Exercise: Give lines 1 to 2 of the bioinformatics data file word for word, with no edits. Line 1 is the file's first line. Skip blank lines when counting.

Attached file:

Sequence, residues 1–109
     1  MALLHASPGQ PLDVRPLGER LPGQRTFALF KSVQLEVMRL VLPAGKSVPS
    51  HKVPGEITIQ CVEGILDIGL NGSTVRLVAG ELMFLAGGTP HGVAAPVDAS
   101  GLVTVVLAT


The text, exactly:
Sequence, residues 1–109
     1  MALLHASPGQ PLDVRPLGER LPGQRTFALF KSVQLEVMRL VLPAGKSVPS